Returned to lender The Met accepts temporary loans of art both for short-term exhibitions and for long-term display in its galleries.

Saint Bartholomew

Rembrandt (Rembrandt van Rijn) Dutch

Not on view

In the 1650s and 1660s, Rembrandt undertook numerous depictions of the apostles that are notable for their psychological intensity and painterly style. Sober and inward-looking, these representations may have been influenced by both the artist’s personal difficulties and his interest in the teachings of certain religious groups, such as the Mennonites.
Bartholomew is mentioned only briefly in the Gospels, but his life as described in the medieval Golden Legend culminates in martyrdom by flaying. Rembrandt shows him almost casually holding the knife that would torture him. The artist used a method in which the brownish tonal underlayer remains visible in many areas of the canvas. One of his students wrote about Rembrandt’s unusual, abbreviated technique, saying it was a way of leaving alone things that were "fortuitously apt when first laid in." The sentiment echoes the Roman author Pliny’s praise of artists who knew when to take their hand from a picture.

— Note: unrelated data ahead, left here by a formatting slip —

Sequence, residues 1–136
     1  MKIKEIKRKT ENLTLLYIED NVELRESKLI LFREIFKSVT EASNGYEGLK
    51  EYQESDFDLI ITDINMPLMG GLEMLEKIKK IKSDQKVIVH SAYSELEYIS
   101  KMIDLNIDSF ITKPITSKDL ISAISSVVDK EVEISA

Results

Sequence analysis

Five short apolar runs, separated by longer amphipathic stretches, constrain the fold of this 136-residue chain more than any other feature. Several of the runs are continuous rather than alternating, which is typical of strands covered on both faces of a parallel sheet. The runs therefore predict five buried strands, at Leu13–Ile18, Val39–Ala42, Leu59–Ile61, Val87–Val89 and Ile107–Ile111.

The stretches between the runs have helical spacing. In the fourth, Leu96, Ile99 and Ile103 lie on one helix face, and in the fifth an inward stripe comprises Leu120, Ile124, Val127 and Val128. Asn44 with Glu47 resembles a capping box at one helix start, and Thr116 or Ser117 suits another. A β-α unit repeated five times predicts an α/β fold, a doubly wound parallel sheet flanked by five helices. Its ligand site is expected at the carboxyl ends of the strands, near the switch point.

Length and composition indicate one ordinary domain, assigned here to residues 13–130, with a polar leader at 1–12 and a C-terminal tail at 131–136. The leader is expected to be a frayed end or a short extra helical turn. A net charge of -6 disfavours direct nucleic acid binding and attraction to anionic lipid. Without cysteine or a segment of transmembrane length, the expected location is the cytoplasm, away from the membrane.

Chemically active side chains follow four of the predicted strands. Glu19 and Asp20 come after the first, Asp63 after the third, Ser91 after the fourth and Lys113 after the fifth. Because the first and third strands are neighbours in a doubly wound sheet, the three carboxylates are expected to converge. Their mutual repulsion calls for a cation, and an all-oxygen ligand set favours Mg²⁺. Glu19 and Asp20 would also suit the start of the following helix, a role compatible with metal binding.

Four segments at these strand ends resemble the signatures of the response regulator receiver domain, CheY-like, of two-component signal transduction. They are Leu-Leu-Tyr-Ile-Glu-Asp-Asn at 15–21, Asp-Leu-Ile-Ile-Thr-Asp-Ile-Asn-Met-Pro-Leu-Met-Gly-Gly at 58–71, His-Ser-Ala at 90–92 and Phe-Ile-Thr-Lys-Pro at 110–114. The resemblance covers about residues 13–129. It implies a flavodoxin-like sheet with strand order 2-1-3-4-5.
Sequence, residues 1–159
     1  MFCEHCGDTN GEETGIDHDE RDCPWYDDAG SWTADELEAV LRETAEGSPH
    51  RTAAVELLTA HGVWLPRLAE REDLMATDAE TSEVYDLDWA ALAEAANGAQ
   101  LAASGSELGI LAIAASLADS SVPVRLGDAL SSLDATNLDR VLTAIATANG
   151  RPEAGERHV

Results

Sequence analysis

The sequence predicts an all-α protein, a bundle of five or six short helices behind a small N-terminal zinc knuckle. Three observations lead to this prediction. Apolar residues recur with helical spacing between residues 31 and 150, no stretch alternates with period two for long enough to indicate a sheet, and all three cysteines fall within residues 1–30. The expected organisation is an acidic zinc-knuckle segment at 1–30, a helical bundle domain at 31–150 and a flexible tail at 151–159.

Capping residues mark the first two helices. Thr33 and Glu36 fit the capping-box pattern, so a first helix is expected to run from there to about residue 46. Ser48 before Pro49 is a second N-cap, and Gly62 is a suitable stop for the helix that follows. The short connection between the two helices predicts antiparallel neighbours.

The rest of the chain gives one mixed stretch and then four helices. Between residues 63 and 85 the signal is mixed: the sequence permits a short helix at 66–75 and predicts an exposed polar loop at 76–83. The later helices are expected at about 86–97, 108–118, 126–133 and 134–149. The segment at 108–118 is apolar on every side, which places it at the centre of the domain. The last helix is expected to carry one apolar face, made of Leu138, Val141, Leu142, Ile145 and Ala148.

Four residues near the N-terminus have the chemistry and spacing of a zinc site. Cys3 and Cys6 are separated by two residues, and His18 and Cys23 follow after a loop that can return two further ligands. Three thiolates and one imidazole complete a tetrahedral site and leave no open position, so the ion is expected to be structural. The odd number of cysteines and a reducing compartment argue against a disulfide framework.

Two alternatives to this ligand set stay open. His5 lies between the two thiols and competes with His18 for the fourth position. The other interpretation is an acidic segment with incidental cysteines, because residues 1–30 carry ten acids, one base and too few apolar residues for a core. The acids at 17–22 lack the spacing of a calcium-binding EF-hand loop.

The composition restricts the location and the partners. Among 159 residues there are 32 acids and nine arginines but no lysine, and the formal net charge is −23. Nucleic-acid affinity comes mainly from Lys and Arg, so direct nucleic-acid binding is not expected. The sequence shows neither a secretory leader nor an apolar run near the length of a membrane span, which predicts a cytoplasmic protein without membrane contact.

Saint Bartholomew, Rembrandt (Rembrandt van Rijn) (Dutch, Leiden 1606–1669 Amsterdam), Oil on canvas

Due to rights restrictions, this image cannot be enlarged, viewed at full screen, or downloaded.

Open Access

As part of the Met's Open Access policy, you can freely copy, modify and distribute this image, even for commercial purposes.


Public domain data for this object can also be accessed using the Met's Open Access API.